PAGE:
N2 - Glial processes, bearing a unique 130 kD surface protein, are located at key sites of morphogenic movement and neuronal differentiation in the leech germinal plate. A midline glial fascicle resides at the primary axis of embryonic symmetry, alongside which teloblasts move as they generate their bandlets of stem cells. The n-bandlets straddle the midline glia and are known to produce most of the central neuroblasts. The midline glia then defasciculates as neuroblasts begin to aggregate into neuromeres. The defasciculated processes expand into these neuromeres, molding the future central neuropile. Neuroblasts will initiate primary axons toward the midline glia. As the neuromeres mature, midline glial process thin out to demarcate the orientation of the future connectives, which are the major longitudinal axon tracts along the midline. Next, segmental but still primordial glia appear in the neuromeres. Initially, they also project longitudinally, then transversely, demarcating the other two major axonal pathways--the central commissures and peripheral roots. Finally, macroglial processes proliferate as massive axon growth invades the central and peripheral nervous system. Thus, glial processes with different developmental histories accompany different aspects of leech neurogenesis. In other systems, glia have been shown to promote the differentiation and the guidance of neurons. It remains to be seen whether the glial-specific 130 kD protein is a receptor mediating these typical glial functions in the leech germinal plate.

AB - Glial processes, bearing a unique 130 kD surface protein, are located at key sites of morphogenic movement and neuronal differentiation in the leech germinal plate. A midline glial fascicle resides at the primary axis of embryonic symmetry, alongside which teloblasts move as they generate their bandlets of stem cells. The n-bandlets straddle the midline glia and are known to produce most of the central neuroblasts. The midline glia then defasciculates as neuroblasts begin to aggregate into neuromeres. The defasciculated processes expand into these neuromeres, molding the future central neuropile. Neuroblasts will initiate primary axons toward the midline glia. As the neuromeres mature, midline glial process thin out to demarcate the orientation of the future connectives, which are the major longitudinal axon tracts along the midline. Next, segmental but still primordial glia appear in the neuromeres. Initially, they also project longitudinally, then transversely, demarcating the other two major axonal pathways--the central commissures and peripheral roots. Finally, macroglial processes proliferate as massive axon growth invades the central and peripheral nervous system. Thus, glial processes with different developmental histories accompany different aspects of leech neurogenesis. In other systems, glia have been shown to promote the differentiation and the guidance of neurons. It remains to be seen whether the glial-specific 130 kD protein is a receptor mediating these typical glial functions in the leech germinal plate.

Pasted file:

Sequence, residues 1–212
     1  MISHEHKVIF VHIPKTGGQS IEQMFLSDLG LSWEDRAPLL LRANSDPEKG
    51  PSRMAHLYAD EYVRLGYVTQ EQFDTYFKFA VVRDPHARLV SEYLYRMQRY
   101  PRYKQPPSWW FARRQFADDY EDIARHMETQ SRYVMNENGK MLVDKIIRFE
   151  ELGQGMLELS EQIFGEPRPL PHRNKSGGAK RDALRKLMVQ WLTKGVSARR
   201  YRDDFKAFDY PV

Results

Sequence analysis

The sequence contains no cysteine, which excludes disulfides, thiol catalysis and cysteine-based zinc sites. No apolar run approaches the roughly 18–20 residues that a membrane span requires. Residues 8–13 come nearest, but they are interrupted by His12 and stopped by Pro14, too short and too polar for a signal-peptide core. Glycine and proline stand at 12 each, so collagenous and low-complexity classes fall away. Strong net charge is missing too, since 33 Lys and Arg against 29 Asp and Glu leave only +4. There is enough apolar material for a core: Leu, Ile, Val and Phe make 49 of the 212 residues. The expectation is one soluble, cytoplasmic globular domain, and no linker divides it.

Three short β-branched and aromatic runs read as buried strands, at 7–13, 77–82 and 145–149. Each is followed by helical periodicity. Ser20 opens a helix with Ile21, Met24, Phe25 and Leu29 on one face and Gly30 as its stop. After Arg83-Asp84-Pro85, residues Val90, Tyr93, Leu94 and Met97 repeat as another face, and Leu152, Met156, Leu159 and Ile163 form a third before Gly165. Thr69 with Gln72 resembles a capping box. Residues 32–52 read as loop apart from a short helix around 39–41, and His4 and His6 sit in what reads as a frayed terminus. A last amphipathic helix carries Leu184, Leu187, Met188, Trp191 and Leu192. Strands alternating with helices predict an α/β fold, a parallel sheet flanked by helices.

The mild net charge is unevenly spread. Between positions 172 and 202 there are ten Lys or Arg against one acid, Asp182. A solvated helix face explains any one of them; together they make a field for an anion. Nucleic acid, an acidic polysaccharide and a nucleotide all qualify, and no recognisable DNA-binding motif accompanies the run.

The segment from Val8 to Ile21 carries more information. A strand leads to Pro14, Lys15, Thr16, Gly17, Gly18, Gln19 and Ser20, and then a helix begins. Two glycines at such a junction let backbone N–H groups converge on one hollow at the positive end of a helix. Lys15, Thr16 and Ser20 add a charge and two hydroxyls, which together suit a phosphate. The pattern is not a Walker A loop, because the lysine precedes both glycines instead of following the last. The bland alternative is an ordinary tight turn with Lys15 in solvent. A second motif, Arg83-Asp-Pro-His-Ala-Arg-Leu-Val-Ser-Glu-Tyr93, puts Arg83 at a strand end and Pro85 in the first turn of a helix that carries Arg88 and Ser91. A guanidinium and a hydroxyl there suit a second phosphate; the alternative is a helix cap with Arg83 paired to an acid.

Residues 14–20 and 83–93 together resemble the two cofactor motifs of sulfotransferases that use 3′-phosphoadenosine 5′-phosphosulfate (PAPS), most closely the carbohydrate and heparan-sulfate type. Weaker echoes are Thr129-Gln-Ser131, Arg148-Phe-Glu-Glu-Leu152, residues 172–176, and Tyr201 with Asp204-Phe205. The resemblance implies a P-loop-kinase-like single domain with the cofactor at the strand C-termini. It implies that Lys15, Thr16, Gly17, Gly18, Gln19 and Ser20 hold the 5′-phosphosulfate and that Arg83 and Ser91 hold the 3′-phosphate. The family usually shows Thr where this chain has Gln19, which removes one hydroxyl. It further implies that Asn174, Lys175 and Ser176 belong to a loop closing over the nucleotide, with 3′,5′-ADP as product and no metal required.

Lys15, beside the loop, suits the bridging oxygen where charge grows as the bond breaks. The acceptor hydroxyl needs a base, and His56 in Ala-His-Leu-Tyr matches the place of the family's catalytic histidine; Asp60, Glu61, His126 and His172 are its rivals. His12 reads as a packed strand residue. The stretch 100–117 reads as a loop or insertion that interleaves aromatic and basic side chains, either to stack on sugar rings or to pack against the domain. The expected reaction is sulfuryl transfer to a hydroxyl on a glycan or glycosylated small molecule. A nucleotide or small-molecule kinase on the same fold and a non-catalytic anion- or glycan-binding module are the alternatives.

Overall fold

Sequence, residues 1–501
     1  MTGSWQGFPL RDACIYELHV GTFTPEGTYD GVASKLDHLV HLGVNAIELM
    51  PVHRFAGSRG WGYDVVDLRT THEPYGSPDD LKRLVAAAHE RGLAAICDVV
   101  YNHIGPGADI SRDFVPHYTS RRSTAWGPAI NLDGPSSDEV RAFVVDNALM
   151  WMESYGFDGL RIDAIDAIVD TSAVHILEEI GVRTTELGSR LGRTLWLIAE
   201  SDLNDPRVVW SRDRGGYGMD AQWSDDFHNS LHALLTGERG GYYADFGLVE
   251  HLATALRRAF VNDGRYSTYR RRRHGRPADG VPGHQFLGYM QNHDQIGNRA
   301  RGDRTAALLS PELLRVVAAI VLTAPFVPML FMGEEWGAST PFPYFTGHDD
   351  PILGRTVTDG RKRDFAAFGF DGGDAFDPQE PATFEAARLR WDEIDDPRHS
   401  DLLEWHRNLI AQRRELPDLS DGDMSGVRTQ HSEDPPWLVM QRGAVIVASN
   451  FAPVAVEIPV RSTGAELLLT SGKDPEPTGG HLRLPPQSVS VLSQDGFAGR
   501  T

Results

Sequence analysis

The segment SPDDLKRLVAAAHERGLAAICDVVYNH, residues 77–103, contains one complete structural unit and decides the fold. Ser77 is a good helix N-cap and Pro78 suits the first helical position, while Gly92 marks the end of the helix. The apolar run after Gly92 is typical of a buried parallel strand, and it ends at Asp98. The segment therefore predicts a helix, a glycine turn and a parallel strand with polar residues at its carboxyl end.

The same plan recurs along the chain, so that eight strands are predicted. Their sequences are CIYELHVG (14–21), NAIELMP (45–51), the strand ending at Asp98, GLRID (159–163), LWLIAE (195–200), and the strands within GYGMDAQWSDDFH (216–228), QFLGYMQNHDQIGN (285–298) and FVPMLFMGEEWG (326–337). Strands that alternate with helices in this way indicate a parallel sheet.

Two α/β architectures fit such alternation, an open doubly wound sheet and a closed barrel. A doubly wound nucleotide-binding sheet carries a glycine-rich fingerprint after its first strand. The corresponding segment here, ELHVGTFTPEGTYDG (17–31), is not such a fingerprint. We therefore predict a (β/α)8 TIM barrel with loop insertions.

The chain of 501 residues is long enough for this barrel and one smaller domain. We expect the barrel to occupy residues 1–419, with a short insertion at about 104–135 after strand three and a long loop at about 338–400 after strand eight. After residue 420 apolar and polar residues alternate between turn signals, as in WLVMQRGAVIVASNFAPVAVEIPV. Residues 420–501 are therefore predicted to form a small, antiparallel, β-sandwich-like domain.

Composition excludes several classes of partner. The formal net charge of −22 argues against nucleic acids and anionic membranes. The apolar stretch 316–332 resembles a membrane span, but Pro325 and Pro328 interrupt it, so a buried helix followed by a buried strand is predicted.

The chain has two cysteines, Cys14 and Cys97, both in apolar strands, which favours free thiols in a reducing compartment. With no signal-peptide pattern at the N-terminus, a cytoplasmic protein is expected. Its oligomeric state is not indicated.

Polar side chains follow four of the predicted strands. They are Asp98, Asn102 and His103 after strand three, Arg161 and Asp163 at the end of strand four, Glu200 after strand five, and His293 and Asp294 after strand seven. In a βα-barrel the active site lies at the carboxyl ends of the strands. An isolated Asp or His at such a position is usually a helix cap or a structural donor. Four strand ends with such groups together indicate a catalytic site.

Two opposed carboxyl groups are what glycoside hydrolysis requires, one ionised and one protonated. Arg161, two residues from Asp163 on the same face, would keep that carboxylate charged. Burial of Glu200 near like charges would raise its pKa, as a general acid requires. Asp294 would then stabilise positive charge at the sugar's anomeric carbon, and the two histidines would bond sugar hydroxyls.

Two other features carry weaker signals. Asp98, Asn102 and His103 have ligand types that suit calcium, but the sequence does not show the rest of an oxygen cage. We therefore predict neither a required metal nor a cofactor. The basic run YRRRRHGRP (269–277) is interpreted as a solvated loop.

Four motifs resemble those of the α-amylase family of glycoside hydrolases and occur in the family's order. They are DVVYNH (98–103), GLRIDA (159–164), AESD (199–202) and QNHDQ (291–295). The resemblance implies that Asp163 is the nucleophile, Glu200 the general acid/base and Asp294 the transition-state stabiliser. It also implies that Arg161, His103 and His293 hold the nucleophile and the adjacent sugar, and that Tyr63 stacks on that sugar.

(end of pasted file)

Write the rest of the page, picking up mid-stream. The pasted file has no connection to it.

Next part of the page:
UR - http://www.scopus.com/inward/record.url?scp=0024812522&partnerID=8YFLogxK

UR - http://www.scopus.com/inward/citedby.url?scp=0024812522&partnerID=8YFLogxK

M3 - Article

C2 - 2531725

AN - SCOPUS:0024812522

VL - 2

SP - 446

EP - 457

JO - GLIA

JF - GLIA

SN - 0894-1491

IS - 6

ER -